Currency Note

Pound sinks close to mini-Budget lows

By Christopher Nye February 3rd, 2023

Rishi Sunak marks 100 days as PM with economic growth in his sights (Salma Bashir Motiwala /

Global stocks rose yesterday as the markets reacted to hopes that inflation is beginning to slow and that central banks are about to take their foot off the pedal on interest rate rises, if not going into reverse just yet. The Nasdaq in the US climbed by 3.5% and the FTSE by 0.7%.

Neither rising equities nor the Bank of England’s (BoE) interest rate hike of 50 basis points to 4% was of help to sterling against the euro, however, which dropped nearly 1% in advance of the announcement, then rallied, then gently declined again. GBP/EUR now sits close to its lowest point for two years.

It comes amid a report from the IMF that the UK economy would be the only industrialised economy in recession this year, and a report from the Bank of England that broadly agreed, but if anything was more pessimistic.

Against the US dollar, sterling has weakened around 1.5% over the course of the three major interest rate announcements from the Fed, European Central Bank (ECB) and BoE. The ECB also raised its headline rate by 50bp and signalled that it would do so again next month, while the Fed raised by 25bp.

So far the euro has been the winner overall, ending the week stronger against all major rivals except for the Japanese yen (JPY) and Swiss franc (CHF), over 1.5% stronger against sterling than last Friday.

There could be more to come, however. This morning we are hearing final readings for PMI in the UK and major eurozone economies

Later today US jobs data will arrive in the form of non-farm payrolls and the unemployment rate – always a good gauge of the US (and therefore the global) economy’s health.

Apple has already reported its first decline in revenues in three and a half years, blaming supply problems from China. However, it has not, unlike other tech giants, instigated large-scale lay offs.

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GBP: Sterling loses as bad news strikes again

It’s been a torrid week for sterling, losing across the board by between 1 and 2.5% against major rivals.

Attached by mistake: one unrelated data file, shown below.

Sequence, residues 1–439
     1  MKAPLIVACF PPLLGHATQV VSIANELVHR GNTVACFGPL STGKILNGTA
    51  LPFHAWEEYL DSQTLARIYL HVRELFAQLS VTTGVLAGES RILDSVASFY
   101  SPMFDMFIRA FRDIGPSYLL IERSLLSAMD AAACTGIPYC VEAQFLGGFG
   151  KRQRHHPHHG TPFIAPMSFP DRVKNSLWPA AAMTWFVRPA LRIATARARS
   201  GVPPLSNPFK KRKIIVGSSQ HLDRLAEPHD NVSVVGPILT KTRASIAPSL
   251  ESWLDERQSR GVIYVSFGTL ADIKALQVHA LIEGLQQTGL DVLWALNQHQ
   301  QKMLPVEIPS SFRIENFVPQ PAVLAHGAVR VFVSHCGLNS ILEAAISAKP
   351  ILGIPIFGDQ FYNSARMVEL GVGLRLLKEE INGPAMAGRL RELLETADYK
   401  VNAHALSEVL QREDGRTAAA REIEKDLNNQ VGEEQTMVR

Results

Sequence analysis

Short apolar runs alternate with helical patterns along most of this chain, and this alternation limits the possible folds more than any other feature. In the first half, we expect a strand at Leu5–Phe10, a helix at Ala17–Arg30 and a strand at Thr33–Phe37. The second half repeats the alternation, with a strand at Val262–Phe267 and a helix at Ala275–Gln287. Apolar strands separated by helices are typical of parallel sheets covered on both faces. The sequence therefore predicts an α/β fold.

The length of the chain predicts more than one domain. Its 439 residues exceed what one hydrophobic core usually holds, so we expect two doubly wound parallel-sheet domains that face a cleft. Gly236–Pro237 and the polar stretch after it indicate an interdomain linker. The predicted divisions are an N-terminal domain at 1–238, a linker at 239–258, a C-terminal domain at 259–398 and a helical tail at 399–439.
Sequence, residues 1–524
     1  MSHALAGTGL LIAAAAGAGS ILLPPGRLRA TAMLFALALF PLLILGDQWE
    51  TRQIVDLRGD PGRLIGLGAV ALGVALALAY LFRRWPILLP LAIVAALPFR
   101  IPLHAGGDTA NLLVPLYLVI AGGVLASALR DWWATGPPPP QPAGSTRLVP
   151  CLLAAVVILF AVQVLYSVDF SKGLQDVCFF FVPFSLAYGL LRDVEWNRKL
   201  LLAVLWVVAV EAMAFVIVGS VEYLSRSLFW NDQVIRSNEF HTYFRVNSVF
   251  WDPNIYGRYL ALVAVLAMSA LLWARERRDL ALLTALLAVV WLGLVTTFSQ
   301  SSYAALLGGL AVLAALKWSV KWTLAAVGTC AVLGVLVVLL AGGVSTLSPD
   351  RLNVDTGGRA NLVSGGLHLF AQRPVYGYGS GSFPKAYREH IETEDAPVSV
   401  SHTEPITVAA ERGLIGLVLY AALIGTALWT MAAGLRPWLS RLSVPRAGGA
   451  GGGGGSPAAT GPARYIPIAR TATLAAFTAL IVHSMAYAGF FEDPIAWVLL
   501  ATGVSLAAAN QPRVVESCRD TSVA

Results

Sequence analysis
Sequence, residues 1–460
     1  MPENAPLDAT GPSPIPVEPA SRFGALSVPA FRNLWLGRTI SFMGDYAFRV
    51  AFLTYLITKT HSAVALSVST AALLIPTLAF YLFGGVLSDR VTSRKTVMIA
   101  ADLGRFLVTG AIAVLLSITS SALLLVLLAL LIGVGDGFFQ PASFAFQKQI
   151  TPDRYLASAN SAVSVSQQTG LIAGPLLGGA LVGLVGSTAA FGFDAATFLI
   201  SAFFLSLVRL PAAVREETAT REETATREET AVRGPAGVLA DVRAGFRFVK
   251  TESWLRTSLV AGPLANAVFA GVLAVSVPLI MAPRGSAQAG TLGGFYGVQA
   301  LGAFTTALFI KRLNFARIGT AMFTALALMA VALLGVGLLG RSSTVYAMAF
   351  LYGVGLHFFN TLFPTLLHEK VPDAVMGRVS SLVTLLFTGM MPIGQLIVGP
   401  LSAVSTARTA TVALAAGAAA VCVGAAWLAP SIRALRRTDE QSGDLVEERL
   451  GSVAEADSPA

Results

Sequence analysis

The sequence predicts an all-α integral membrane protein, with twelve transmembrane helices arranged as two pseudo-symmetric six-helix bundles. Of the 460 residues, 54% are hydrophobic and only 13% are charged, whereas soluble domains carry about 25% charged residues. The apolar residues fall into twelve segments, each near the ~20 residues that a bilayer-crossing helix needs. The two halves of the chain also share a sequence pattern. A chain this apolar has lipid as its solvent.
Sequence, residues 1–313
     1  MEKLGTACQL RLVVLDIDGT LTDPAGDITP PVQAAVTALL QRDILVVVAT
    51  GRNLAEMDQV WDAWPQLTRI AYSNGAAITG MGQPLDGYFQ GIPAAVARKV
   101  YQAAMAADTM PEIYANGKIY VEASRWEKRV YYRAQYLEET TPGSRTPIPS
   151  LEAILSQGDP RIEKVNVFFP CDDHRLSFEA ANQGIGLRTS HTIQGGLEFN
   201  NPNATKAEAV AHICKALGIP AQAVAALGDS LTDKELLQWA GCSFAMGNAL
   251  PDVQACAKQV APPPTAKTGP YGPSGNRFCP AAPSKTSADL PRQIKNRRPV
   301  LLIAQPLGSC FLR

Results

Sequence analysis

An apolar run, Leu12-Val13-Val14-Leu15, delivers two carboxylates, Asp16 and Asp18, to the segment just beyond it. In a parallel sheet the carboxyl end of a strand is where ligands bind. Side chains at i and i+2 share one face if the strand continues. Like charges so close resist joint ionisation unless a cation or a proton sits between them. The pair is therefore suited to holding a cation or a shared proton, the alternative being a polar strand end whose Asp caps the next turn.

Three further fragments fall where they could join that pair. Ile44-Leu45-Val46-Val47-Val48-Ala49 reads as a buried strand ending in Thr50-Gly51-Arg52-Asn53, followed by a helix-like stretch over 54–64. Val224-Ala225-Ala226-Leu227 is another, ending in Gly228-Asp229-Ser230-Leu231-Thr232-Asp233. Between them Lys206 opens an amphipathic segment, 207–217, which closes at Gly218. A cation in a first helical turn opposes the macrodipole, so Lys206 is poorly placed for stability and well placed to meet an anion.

The news has been almost universally bad. The Bank of England’s deputy governor commented that Brexit was damaging the UK economy as expected but more quickly than expected too. Strikes have continued throughout the week, with post, rail and civil service functions most affected. There was also a generally poor report from the IMF and questions even from his own party as to the effectiveness of Rishi Sunak’s premiership after 100 days.

However, Shell has announced its largest profits in 115 years – £32bn in 2022.

Bank of England chief economist Huw Pill told Times Radio this morning that while the Bank is determined to “see the job through” to bring inflation back to acceptable levels, they are wary of raising borrowing costs too high.

There is a final reading for PMI at 9.30am. The early part of next week includes data on house prices and new car sales.

GBP/USD past year

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EUR: Single currency boosted by ECB and wave of optimism

The euro ends the week almost 2% up on sterling and ending just a little ahead of the US dollar in a week where the ECB raised its headline interest rate to 3% and indicated that it would rise again to 3.5% next month.

Germany’s trade surplus was revealed to have risen to €9.7bn in December – ahead of expectations – but with trade with China down significantly.

There is positivity in Europe. In the Spanish economy both services and composite PMI were way ahead of expectations while French industrial production grew by 1.1% in December. More industrial data will be trickling through this morning and into early next week, but overall next week is quiet.

USD: Dollar performance patchy

A mixed week reaches its final day with the dollar flying high against the pound and most commodity backed currencies (NOK, AUD etc) but falling behind other ‘safe haven’ currencies like JPY and CHF.

The Fed was the odd bank out this week, raising headline rates by just 25bp, albeit to a higher level overall (4.75%) than in the UK or Europe.

Some effects of that rise in interest rates will be heard today, with non-farm payrolls and also the ISM non-manufacturing PMI early this afternoon. Will last month’s unexpected and dramatic fall to below 50 be repeated or reversed?

Next week is a relatively quiet one for data in the USA.

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